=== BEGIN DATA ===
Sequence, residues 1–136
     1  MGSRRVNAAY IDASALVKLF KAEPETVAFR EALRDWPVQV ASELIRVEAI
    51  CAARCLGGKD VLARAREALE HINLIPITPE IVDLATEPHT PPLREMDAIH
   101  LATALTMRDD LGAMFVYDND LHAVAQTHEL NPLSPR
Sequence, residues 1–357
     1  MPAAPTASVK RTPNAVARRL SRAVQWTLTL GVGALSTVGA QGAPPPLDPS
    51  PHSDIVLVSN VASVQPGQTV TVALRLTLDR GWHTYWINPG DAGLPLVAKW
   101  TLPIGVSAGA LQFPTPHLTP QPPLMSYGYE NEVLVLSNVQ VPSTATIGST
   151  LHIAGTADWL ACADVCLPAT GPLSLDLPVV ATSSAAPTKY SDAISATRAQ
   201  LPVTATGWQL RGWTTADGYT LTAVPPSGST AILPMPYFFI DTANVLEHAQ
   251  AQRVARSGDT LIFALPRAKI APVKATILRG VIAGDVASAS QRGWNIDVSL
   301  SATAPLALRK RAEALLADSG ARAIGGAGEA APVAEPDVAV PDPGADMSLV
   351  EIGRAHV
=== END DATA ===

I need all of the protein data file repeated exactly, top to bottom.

Sequence, residues 1–136
     1  MGSRRVNAAY IDASALVKLF KAEPETVAFR EALRDWPVQV ASELIRVEAI
    51  CAARCLGGKD VLARAREALE HINLIPITPE IVDLATEPHT PPLREMDAIH
   101  LATALTMRDD LGAMFVYDND LHAVAQTHEL NPLSPR
Sequence, residues 1–357
     1  MPAAPTASVK RTPNAVARRL SRAVQWTLTL GVGALSTVGA QGAPPPLDPS
    51  PHSDIVLVSN VASVQPGQTV TVALRLTLDR GWHTYWINPG DAGLPLVAKW
   101  TLPIGVSAGA LQFPTPHLTP QPPLMSYGYE NEVLVLSNVQ VPSTATIGST
   151  LHIAGTADWL ACADVCLPAT GPLSLDLPVV ATSSAAPTKY SDAISATRAQ
   201  LPVTATGWQL RGWTTADGYT LTAVPPSGST AILPMPYFFI DTANVLEHAQ
   251  AQRVARSGDT LIFALPRAKI APVKATILRG VIAGDVASAS QRGWNIDVSL
   301  SATAPLALRK RAEALLADSG ARAIGGAGEA APVAEPDVAV PDPGADMSLV
   351  EIGRAHV